Currently, Ontario’s Public Guardian and Trustee (PGT) fulfils an important role as decision-maker of last resort. Under both the HCCA and SDA, where there is no suitable person who is available and willing to act and decisions are required, the PGT can be appointed to do so. While this role is vital, the PGT cannot of course reproduce the type of intimate personal relationship that is often thought of as the ideal foundation for substitute decision-making, and some persons with disabilities may dislike the idea of having decisions made for them by “the government”, viewing it as intrusive. As well, the demographic changes referenced above are likely to create increasing demand for last-resort decision-making.
Advocates of supported decision-making, an evolving approach to decision-making described in the previous chapter, have acknowledged the challenge to the implementation of this approach posed by individuals who lack relationships of trust and intimacy. While substitute decision-making may often be best carried out through close personal relationships, supported decision-making is fundamentally premised on the presence of one or more supporters who have deep familiarity and commitment to the individual requiring assistance. By its nature, supported decision-making requires the existence of close personal relationships. In some cases, these do not exist. As was noted by Michael Bach and Lana Kerzner in their 2010 paper for the LCO,
Many individuals with significant intellectual, cognitive and psychosocial disabilities simply do not have others in their lives with whom they are in a trusting relationship based on shared life experience and personal knowledge. A life of discrimination and exclusion has left them without such relationships. This does not mean that such relationships cannot be developed. There is a large body of good practice and tools to assist people with more significant disabilities in developing personal relationships with others. However, this work takes time, intentional relationship building, and community-based supports to facilitate the process, identifying individuals who can play this role and provide the person with a support network.
For people with significant disabilities the outcome of relationship-building supports is the development of relationships and support networks which can provide representational supports at some point in the future. In their case, the access to representational supports maximizes exercise of their legal capacity.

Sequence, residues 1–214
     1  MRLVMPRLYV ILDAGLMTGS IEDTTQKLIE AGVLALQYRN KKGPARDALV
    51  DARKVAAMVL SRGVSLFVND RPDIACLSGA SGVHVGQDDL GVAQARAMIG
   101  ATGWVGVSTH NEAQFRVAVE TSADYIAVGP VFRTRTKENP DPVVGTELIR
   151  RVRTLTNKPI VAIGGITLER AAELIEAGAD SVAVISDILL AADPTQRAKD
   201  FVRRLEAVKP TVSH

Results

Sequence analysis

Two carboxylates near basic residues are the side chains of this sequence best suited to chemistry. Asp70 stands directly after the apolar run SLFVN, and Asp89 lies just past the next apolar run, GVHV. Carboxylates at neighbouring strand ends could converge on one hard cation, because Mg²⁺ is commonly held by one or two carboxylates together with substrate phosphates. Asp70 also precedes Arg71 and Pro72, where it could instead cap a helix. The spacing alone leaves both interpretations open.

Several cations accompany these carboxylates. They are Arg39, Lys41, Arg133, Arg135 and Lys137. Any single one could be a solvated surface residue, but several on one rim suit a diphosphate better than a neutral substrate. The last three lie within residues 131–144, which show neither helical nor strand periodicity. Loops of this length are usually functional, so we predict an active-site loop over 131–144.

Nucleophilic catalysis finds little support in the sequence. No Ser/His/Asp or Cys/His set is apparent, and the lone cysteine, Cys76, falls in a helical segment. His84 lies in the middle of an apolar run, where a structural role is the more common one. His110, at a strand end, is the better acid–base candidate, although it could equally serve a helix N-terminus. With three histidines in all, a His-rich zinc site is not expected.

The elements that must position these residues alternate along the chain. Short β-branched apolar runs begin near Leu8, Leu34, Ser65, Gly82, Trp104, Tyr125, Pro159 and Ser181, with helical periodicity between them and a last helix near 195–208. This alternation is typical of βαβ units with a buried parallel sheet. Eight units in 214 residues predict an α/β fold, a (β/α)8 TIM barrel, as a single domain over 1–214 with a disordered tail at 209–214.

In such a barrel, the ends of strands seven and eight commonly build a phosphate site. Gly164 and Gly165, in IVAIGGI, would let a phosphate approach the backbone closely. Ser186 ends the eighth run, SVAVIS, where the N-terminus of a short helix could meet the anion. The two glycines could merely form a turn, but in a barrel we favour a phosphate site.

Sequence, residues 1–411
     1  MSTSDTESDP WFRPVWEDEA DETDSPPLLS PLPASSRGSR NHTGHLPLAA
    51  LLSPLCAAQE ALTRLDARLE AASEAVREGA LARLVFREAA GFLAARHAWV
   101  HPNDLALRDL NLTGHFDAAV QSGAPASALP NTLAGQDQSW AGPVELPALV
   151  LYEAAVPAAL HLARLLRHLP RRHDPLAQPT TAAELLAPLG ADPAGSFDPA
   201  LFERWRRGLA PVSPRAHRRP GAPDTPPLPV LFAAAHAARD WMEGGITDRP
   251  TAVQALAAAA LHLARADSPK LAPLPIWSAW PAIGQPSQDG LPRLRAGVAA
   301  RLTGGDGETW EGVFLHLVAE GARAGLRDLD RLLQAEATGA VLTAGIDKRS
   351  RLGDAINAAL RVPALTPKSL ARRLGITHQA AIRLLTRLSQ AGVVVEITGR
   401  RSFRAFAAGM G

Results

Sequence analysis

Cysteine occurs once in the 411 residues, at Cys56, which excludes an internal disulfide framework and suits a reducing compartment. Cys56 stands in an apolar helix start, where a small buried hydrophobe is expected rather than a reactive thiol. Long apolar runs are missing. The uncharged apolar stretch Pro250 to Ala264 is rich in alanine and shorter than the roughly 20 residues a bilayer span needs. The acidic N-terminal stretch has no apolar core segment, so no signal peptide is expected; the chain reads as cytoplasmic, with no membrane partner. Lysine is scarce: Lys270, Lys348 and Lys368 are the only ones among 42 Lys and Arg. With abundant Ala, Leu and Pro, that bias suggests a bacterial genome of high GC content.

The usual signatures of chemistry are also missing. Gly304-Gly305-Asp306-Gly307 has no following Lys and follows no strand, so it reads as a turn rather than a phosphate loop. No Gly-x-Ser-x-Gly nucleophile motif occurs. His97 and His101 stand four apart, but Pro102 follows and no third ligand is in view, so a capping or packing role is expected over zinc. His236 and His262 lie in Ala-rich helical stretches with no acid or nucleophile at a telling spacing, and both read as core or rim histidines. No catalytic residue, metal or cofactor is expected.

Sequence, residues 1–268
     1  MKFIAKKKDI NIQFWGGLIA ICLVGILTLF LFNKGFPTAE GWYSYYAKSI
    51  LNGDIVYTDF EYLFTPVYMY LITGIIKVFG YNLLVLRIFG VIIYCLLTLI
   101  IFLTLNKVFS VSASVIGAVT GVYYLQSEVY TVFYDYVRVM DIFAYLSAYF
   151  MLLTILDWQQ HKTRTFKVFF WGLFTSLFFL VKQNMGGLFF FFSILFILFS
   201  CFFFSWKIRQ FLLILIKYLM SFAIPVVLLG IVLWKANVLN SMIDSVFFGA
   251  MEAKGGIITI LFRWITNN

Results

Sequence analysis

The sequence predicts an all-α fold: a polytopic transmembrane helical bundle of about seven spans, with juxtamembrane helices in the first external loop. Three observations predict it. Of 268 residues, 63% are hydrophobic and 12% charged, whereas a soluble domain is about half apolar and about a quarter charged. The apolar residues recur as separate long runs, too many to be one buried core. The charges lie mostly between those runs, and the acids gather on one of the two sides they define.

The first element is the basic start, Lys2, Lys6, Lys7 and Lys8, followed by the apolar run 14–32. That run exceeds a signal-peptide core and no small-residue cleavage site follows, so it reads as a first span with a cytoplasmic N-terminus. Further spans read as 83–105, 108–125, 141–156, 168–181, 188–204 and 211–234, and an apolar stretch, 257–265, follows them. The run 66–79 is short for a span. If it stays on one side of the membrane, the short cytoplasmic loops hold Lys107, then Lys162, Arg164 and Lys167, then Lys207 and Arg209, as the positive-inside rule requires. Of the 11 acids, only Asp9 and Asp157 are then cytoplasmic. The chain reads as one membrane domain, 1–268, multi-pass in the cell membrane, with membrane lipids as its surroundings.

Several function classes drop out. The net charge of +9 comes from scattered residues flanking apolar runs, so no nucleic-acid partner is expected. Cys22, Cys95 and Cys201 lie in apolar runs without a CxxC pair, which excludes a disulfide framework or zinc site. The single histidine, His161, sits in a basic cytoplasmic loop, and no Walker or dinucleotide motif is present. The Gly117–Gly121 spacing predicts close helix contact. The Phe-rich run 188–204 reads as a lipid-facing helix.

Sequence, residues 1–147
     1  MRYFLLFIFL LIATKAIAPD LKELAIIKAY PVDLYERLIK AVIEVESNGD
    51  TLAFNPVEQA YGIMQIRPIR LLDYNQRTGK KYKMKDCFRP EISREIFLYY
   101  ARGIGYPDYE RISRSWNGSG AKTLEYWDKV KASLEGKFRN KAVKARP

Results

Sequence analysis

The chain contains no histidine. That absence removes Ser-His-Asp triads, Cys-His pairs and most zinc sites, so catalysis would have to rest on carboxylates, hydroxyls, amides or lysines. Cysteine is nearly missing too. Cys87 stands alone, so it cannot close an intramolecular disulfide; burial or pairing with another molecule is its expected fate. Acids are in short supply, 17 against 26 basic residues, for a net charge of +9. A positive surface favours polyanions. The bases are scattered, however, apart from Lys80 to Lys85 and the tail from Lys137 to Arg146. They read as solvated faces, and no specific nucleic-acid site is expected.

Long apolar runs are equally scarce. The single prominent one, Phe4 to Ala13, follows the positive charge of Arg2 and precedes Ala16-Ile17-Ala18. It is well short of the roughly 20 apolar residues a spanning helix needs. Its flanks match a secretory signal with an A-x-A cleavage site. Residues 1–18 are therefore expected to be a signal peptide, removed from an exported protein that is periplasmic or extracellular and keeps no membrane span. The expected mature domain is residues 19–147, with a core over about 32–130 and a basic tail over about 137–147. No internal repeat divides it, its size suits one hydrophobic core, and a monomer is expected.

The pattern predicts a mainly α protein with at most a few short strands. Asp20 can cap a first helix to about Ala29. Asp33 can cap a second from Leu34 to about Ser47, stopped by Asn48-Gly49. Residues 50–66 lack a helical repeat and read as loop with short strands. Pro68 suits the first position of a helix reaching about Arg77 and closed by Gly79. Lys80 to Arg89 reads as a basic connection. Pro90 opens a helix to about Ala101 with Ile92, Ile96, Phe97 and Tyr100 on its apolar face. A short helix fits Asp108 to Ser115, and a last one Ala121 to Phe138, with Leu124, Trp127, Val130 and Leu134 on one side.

The Framework principles of promoting participation and inclusion point to the importance of designing society in such a way that older persons and persons with disabilities have meaningful connections to their communities and are well-integrated in society. The growing number of individuals who do not have such connections, who are marginalized and isolated and do not have family and friends to assist with decision-making needs, highlights broader societal shortfalls in promoting participation and inclusion. These broader social, economic and attitudinal barriers are beyond the scope of this project to address, but are part of the context that must be understood in evaluating legal capacity and decision-making laws and identifying options for reform.
Certainly, the law should respect and recognize existing mechanisms for participation and inclusion, and should not create barriers to the development and maintenance of the relationships that are essential to the decision-making processes for those affected by this area of the law. The challenges experienced by those individuals who have no family and friends to assist them with decision-making needs highlight the close connection between the principles – in this case, between the inclusion and participation in society of persons with disabilities and older persons and the ability of these individuals to develop and exercise autonomy and independence. For example, a person who has, as a result of the stigma and discrimination associated with his or her disability, had limited opportunities to participate in education, employment or social activities and as a result has a limited social network, will be less likely to have the close and trusting relationships that can best support decision-making, whether through supported or co-decision-making or through substitute decision-making that is committed to participation and close attention to the values and wishes of the person for whom the decision is made. As well, the principle of recognizing that we all live in society highlights the importance of paying attention to the needs and circumstances of those who have relationships with persons who fall within this area of the law, and who are currently or might possibly take on a formal decision-making role. As was explained in the previous chapter, those family and friends who assist with decision-making needs face responsibilities that may be heavy and have significant impact on their own lives: while they may be committed to this role, the way that role is structured and the supports that they receive in carrying it out will have a significant effect on their own wellbeing and ability to participate in the broader society.
B. The SDA and HCCA: Who May Act